• Yanela Pinera and Joel Woellner, a winning combination. Photo: David Kelly.
    Yanela Pinera and Joel Woellner, a winning combination. Photo: David Kelly.

Queensland Ballet: Swan Lake

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The Lyric, QPAC, 5 May

Queensland Ballet last performed Swan Lake in 2011, in a production that steered well away from a traditional interpretation. Artistic director Li Cunxin however, has embraced tradition by mounting Ben Stevenson’s production of the timeless 1895 classic.

With a sumptuous Renaissance inspired set and costumes, originally designed by the late Kristen Fredrikson’s for Royal New Zealand Ballet (RNZB) and borrowed for this season, Stevenson’s version, neatly condensed into two acts, adds freshness and modernity, and a dramatic cohesion that makes more sense of the implausible story.

A short prologue (sometimes seen in Russian productions), showing the young maiden Odette being captured by Von Rothbart, effectively sets up the drama that follows. Act I introduces Siegfried (Joel Woellner) as a student prince, in a somewhat tortured relationship with his emotionally detached mother, the Queen (Zenia Tatchèva). The music commonly used for Siegfried’s introspective solo, is more effectively used here to describe this relationship as he baulks at the idea of marriage, before leaving alone to go hunting.

Throughout, the mime scenes were carefully and clearly articulated, while the company as a whole, delivered the story with conviction and energy.

In Act I the Tchaikovsky waltz becomes a pas de six, including Siegfried, who partnered the fetching Mia Heathcote. Tamara Hanton, Teri Crilly, Alexander Idaszak and Camilo Ramos made up the six, delivering with joyfulness and technical acumen.

The pas de trois was a light and buoyant interpretation by Lucy Green, Lina Kim and Victor Estévez. Green, a recent recruit from RNZB, showed clean, crisp beats, pinpoint accurate turns, and glorious ballon.

Joel Woellner showed a princely demeanour. Photo: David Kelly.
Joel Woellner showed a princely demeanour. Photo: David Kelly.

Woellner (a company artist but surely destined for promotion) fleshed out his characterisation of what can be a rather nondescript role, to engender real empathy; his regal but sensitive bearing and long-legged physique adding to his princely demeanour as Siegfried.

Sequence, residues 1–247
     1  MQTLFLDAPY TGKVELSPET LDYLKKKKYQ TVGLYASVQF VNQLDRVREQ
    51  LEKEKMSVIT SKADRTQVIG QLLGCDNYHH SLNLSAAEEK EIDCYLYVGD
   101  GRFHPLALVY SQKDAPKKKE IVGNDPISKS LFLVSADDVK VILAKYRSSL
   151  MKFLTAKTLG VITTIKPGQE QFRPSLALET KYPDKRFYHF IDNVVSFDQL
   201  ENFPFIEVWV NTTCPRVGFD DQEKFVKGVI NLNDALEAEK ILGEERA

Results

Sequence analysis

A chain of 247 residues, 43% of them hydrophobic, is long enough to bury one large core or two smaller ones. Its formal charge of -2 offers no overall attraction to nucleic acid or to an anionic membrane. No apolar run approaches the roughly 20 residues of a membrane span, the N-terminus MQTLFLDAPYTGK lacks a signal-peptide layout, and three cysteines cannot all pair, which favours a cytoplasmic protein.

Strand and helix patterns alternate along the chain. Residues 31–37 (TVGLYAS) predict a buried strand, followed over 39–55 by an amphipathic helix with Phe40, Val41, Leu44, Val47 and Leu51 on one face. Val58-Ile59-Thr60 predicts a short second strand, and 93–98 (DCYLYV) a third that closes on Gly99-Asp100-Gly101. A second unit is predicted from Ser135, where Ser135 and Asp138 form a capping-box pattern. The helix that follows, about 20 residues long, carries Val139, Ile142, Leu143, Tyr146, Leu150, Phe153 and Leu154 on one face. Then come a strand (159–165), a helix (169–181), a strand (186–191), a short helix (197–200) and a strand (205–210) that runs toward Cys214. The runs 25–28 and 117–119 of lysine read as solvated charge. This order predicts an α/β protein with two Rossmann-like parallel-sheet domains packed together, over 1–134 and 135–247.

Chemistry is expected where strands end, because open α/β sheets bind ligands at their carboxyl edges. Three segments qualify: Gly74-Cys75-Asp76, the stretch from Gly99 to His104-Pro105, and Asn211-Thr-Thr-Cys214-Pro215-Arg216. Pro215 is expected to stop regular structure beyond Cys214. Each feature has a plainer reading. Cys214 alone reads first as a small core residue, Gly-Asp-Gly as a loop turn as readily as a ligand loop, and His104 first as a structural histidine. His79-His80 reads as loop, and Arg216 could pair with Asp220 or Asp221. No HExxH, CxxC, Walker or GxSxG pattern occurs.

In the duel Odette-Odile role, Yanela Piñera, was a technical tour de force. Probably more effective as Odette, where she showed fragility but also a regal bearing, her pas de deux with Woellner was breathtaking in its controlled delivery, while his partnering was superb.

The corps of 24 plus swans was drilled to a conforming perfection, with expressive use of the eyes and face conveying a real sense of their plight. The four cygnets, with perfectly matched physiques, also danced as one in a flawless performance of the iconic piece.

The ballroom scene dazzles with opulence; its layers of metallic gold, silver, red and black also reflected in the richness of the costuming. In a neat touch Siegfried dances with princesses from each of the countries represented, as prospective fiancées. They then lead the character dances.

Lighting up the stage: Teri Crilly and Camilo Ramos. Photo: David Kelly.
Lighting up the stage: Teri Crilly and Camilo Ramos. Photo: David Kelly.

Green, partnered by Jack Lister and Rian Thompson, was a firecracker Spanish Princess, while Crilly with Ramos in the Neapolitan, lit up the stage with her usual vivacity. Georgia Swan and Shane Wuerthner, leading the Czardas, and Kim and Idaszak in the Mazurka were similarly vibrant.

Piñera, with her finely chiselled muscularity, was a more glittering than smouldering Odile. Her solo with the difficult double en dehors attitude turns and en manège finale was delivered with panache and style. Woellner’s solo was also seamless, with tours and turns always landing cleanly.

In a breathtaking coda, Piñera stole the show with fouettes that were whipped to perfection; she tossed triples into the mix precisely on the break-neck musical beat - a rarity these days - making them all the more exciting.

The Queensland Symphony Orchestra under Nigel Gaynor was an essential component to the thrill of this moment.

Vito Bernasconi as Von Rothbart added the necessary gravitas to a role that requires little dancing, but oodles of presence. In the final scene his character is destroyed in a stormy ending that sees both the lovers reunited after death. It is a satisfying conclusion to a production where the attention to dramatic detail is what sets it apart from so many other Swan Lakes.

– Denise Richardson

Photo: David Kelly
Photo: David Kelly
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